Office of House Bill AnalysisH.B. 1200
By: Brimer
Ways & Means


Prior to the 77th Legislature, the property tax system in Texas may have
placed a disproportionate burden on capital-intensive industries compared
to other entities.  This burden provided a significant financial
disincentive to businesses who desired to invest large amounts of money in
Texas, exacerbated by the fact that other states have restructured their
tax laws in an effort to attract projects and high-paying jobs.  Texas
needs to level the tax burden on capital-intensive companies to encourage
large-scale capital investments in the state to create new jobs, and to
enable local government officials to compete with the economic incentives
being offered by other states.  House Bill 1200 creates a local option
economic development tool that allows the state to compete for jobs and
large projects.     


It is the opinion of the Office of House Bill Analysis that rulemaking
authority is expressly delegated to the comptroller of public accounts in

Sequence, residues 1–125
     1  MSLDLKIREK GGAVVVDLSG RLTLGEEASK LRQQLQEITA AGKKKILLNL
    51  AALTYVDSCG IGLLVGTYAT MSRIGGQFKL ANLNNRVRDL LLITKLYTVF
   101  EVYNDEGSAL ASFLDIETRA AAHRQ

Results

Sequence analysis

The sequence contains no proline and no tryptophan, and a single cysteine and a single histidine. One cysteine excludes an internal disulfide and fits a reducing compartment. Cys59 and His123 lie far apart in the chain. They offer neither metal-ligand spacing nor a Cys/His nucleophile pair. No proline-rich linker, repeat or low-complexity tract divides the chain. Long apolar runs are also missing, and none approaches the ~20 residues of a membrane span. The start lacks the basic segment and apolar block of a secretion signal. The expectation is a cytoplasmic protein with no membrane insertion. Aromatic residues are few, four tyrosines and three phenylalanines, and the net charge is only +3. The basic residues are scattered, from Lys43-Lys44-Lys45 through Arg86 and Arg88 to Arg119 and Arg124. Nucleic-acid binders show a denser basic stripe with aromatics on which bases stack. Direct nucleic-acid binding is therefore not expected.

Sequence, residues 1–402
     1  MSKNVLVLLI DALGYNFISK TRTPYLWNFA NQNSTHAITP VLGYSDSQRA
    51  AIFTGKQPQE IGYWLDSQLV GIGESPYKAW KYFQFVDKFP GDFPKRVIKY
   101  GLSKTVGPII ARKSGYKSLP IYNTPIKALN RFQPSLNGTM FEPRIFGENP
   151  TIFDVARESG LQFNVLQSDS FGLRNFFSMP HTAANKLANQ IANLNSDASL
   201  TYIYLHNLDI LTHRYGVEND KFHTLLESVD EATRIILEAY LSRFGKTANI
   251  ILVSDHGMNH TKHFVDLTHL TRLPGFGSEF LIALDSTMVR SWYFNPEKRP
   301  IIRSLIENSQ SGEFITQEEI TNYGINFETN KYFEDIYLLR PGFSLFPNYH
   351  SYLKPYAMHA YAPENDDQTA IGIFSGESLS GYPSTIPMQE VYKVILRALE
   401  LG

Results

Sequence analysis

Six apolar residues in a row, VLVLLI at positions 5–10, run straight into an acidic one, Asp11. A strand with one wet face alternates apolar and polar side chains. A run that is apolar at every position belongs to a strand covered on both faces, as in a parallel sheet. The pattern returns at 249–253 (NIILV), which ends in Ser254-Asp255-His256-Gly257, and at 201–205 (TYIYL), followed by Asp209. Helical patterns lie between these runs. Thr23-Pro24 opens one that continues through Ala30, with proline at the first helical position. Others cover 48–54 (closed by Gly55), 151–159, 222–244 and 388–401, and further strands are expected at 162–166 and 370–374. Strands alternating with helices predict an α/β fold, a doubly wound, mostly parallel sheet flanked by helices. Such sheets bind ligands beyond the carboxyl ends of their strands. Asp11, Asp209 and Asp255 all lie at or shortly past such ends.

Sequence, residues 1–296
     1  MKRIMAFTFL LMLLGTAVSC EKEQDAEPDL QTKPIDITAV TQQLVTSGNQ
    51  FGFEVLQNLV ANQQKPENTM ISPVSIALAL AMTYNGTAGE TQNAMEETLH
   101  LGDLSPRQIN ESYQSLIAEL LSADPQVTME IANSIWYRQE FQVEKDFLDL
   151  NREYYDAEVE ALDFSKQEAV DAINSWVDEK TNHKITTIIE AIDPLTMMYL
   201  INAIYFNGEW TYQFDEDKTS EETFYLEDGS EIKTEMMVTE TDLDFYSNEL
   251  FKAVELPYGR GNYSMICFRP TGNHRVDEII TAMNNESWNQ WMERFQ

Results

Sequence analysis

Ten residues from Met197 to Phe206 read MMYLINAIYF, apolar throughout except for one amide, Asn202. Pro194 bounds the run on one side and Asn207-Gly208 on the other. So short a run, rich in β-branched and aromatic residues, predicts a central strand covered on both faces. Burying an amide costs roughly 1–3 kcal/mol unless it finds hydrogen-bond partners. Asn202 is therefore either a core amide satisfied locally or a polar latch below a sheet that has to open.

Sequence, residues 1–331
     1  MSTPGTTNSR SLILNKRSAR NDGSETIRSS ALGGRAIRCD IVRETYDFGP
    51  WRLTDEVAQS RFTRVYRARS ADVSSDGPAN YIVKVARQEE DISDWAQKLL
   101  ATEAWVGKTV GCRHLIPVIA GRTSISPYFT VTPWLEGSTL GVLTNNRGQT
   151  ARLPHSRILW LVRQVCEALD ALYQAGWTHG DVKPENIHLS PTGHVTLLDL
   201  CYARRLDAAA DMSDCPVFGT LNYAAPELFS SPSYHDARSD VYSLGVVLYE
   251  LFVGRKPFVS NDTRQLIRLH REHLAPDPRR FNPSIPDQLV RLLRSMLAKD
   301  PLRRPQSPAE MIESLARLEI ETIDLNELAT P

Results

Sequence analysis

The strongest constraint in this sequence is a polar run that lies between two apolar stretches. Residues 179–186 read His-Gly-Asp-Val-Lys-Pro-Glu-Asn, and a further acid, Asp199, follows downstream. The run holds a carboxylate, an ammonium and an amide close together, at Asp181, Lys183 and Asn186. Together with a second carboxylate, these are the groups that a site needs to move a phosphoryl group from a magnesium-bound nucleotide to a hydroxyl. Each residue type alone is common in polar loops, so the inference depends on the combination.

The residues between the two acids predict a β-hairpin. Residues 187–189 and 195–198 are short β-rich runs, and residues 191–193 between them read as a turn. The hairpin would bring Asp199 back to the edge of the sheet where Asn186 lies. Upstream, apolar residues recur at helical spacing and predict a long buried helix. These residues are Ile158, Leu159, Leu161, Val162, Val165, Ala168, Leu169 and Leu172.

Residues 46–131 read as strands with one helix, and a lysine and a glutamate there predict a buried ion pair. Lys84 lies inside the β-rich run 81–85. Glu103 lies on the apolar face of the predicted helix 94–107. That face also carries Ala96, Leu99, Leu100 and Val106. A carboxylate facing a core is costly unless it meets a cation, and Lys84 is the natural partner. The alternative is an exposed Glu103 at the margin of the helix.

SECTION 1 (Section 313.031, Tax Code) and the commissioner of education in
SECTION 6 (Section 42.2515, Education Code) of this bill. 


House Bill 1200 amends the Tax, Education, and Government codes.  The bill
amends the Tax Code to provide the categorization of school districts,
including certain rural school districts, for purposes of determining the
required minimum amount of a qualified investment and the minimum amount of
a limitation on appraised value.  The bill authorizes an owner of qualified
property to apply to the governing body of a school district in which the
property is located for a limitation on the appraised value for district ad
valorem tax purposes of the person's qualified property .  A municipality
or county is authorized to impose and collect from the owner of a qualified
property a reasonable impact fee to pay for the cost of providing
improvements associated with or attributable to property that receives a
limitation on appraised value.  The bill sets forth provisions relating to
an application and the form used for such a limitation.  The bill provides
that the governing body of a district is not required to consider an
application for a limitation, but requires the governing body of a district
if it elects to consider an application to engage a third person to conduct
an economic impact evaluation to determine whether to approve or disapprove
such an application.  The bill sets forth the factors that must be included
in the economic impact evaluation.  The bill also sets forth provisions
relating to the determination of the applicant's eligibility for a